Joe Hill: “Ah, very sad to hear about Joe Kubert passing. Kubert’s Sgt. Rock is the only Sgt. Rock.”

Colleen Doran: “Ladies and gentleman, Joe Kubert has left the drawing board. #RIPJoeKubert”

Kevin Mellon: “I was learning from Joe before I even went to the Kubert school and will continue to learn from him for the rest of my life.”

Ray Fawkes: “Terribly sad to read of Joe Kubert’s passing. His work, and his impeccable work ethic, were a great lesson to us all.”

Thomas Scioli: “Joe Kubert’s Hawkman had it all. Scary monsters, wild sci-fi concepts, moodily rendered superkinetics.”

Peter Krause: “I wish I could draw as well as Joe Kubert did. I’ll keep trying. Rest well, Mr. Kubert. Thanks for keeping the bar high…”

Ty Templeton: “Joe Kubert. One of the pillars of the sky. He never stopped getting better.”

J.T. Krul: “Very sad to hear of Joe Kubert’s passing. Can his influence even be measured with existing technology?”

Matt Seinrich: “Joe Kubert. Much love. Deeply saddened. Little known fact, he helped @sethgreen and I figure out how to make Robot Chicken. RIP.”

Sterling Gates: “My heart and condolences to the Kuberts. We think about how the industry lost a legend… they lost a father, a husband, a teacher, a man.”

Additional links:

– Comic Book Resources Assistant Editor Andy Liegl contributed to this report

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Comments

15 Comments

Sherlock Mandango

August 13, 2012 at 9:51 am

A massive loss, to be sure. A comic salute: http://www.cinemabums.com/?p=477

the comic industry has lost another of its true legends and is a much sadder place. rip joe your legacy will live on and your work will keep your immortal now.

Joe was one of the inspirations for me to become a creator for a living. He was amazing. Rest in peace, and condolences to all of his family and friends.

Godspeed, Joe–in a field of many, you were simply the best.

I like the fact that the major comics news outlets CBR included are not calling out DC for their tasteless obit on their blog”

“”We are saddened to learn of the death of our colleague and friend Joe Kubert. An absolute legend in the industry, his legacy will not only live on with his sons, but with the many artists who have passed through the storied halls of his celebrated school. His latest work on BEFORE WATCHMEN: NITE OWL was among his best, and we are so honored to have worked side-by-side with such an unforgettable force in both comics and in life.” – DC Entertainment Executive Team”

http://www.dccomics.com/blog/2012/08/13/remembering-joe-kubert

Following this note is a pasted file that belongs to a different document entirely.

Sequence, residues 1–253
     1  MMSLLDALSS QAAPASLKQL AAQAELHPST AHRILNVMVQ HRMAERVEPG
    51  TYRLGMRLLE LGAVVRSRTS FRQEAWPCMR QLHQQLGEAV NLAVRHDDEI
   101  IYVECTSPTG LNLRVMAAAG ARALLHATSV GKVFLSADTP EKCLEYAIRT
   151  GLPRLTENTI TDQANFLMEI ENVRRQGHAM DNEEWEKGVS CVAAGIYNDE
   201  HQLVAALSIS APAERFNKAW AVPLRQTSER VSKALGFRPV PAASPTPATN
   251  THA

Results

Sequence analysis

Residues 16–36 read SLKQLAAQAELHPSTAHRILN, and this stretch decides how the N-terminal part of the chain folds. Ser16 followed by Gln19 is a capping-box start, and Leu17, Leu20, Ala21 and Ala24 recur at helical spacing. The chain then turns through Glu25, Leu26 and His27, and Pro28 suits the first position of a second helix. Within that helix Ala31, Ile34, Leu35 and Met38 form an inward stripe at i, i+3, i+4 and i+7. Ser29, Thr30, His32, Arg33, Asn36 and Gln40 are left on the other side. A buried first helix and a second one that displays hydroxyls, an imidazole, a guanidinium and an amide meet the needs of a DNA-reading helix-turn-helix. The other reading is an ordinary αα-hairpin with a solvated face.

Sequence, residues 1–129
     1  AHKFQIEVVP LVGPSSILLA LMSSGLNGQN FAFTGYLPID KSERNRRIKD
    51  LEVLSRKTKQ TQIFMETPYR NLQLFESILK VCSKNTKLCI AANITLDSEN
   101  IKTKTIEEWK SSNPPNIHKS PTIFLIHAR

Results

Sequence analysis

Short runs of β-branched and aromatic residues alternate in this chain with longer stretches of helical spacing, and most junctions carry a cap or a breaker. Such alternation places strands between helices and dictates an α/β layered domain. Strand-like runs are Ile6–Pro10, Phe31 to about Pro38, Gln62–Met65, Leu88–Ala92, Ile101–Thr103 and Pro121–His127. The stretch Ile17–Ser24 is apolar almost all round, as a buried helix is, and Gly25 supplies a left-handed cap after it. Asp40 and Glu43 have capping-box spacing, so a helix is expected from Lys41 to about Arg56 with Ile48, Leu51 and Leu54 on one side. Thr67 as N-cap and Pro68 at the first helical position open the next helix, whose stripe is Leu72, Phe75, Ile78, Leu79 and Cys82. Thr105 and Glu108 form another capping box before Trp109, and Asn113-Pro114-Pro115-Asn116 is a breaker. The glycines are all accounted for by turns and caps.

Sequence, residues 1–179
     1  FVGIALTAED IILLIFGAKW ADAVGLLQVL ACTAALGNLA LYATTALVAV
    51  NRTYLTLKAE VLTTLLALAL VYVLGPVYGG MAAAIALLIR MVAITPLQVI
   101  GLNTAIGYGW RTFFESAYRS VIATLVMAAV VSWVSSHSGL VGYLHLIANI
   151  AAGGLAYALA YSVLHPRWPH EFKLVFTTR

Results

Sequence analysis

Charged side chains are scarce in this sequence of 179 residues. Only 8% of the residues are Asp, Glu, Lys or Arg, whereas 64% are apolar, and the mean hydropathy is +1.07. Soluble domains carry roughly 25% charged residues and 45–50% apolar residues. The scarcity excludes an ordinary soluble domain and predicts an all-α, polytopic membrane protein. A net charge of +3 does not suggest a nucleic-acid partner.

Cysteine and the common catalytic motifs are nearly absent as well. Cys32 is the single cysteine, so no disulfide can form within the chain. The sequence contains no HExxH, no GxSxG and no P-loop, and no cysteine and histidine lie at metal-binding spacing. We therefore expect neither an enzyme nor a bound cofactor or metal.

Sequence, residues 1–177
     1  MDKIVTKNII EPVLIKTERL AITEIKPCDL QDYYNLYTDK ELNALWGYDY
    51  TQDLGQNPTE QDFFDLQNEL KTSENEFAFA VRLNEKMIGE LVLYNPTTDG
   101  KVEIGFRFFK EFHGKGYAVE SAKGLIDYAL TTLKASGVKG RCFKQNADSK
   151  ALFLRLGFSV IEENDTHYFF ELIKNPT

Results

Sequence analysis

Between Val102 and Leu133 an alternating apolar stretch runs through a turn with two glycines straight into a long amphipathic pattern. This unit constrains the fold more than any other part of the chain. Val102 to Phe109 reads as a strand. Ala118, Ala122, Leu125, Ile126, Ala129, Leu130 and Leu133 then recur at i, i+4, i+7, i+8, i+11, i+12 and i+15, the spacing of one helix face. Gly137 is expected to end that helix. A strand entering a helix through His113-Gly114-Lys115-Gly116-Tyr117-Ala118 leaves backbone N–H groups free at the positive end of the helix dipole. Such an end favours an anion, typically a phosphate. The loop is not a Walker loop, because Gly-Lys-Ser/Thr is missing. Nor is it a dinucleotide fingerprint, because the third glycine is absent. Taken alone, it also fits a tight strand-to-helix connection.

Gotta keep that access to those companies and their creators, right?

I remember when I met Mr. Joe Kubert back at the penultimate UKCAC in 1997 in London. And I will always treasure that memory. One of the greatest artists ever. I’m sad to see him gone.

And what’s so tasteless about DC’s obit? Do the rules state they shouldn’t mention his current work? Or any other work he’s done for the company? Perhaps they should limit themselves to mentioning only his out-of-print issues? Or not to mention anything from his huge body of work?

To use a famous quote: Sometimes a cigar is just a cigar.

@The D

That’s okay, you don’t bite the hand that feeds, otherwise Jonah can’t get those ‘exclusives’ with Didio and Lee on the CBR boat.

By the way after the outcry on twitter, DC changed the obit to something less repulsive.

Dude, please model the respect you wish DC had expressed in its obit. In this context, it’s the best way to get your message across.

DeleteMyComment

August 13, 2012 at 12:52 pm

@The D

I guess the cigar had to be taken out of the DC press statement

So instead of one series now they’re pimping four (including the Nite Owl one) and that’s somehow less repulsive now? How?

Don’t bother arguing with the people angry over DC’s statement. Most of them probably don’t even read modern super-hero books anymore, but hate for DC/Marvel is all they have left to contribute to an industry they can’t figure out why they don’t love anymore and they’ll find a way to twist any event into just another chance to express it.

The twitter outrage is in poor taste from people that are just looking to be offended.

The Boy With A Herve Villechaize Tattoo

August 13, 2012 at 5:11 pm

The comic industry as lost a master of the form, but gained another creative angel in Heaven.
R.I.P. and go with the angels, Mr. Kubert.

This constant state of “outrage” over everything DC does is getting really old and pathetic.